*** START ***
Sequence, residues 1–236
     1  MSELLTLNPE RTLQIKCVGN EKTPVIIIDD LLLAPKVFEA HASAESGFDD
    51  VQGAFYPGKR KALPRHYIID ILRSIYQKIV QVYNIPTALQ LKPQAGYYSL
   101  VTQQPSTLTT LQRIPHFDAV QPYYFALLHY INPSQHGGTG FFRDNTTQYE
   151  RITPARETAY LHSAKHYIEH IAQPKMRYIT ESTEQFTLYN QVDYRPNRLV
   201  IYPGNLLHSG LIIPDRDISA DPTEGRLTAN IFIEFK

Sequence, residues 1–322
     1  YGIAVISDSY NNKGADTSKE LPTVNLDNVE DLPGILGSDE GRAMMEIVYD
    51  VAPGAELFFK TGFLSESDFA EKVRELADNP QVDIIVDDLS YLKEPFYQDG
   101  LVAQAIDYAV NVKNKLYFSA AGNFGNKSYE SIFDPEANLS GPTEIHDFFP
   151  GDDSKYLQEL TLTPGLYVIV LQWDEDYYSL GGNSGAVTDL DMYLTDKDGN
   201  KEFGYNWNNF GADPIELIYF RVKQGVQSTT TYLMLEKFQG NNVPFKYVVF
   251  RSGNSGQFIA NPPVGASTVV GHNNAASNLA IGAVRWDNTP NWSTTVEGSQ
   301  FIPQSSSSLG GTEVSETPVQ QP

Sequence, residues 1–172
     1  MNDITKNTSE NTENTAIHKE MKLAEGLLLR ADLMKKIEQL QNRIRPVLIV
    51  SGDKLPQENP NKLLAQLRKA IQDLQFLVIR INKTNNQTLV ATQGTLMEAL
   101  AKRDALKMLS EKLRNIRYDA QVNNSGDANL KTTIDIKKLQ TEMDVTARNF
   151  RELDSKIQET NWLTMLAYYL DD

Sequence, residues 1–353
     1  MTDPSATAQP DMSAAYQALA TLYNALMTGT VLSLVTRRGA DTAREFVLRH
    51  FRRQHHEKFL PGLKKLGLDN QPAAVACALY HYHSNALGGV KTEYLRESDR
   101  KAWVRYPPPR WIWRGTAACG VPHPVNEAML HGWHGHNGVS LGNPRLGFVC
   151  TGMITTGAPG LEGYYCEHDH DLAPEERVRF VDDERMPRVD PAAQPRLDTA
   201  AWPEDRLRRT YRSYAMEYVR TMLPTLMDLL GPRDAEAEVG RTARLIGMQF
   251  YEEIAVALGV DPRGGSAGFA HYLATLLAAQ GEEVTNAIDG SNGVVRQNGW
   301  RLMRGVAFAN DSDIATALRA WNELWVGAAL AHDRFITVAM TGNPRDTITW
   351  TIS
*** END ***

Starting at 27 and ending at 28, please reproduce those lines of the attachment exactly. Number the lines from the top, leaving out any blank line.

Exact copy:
   301  RLMRGVAFAN DSDIATALRA WNELWVGAAL AHDRFITVAM TGNPRDTITW
   351  TIS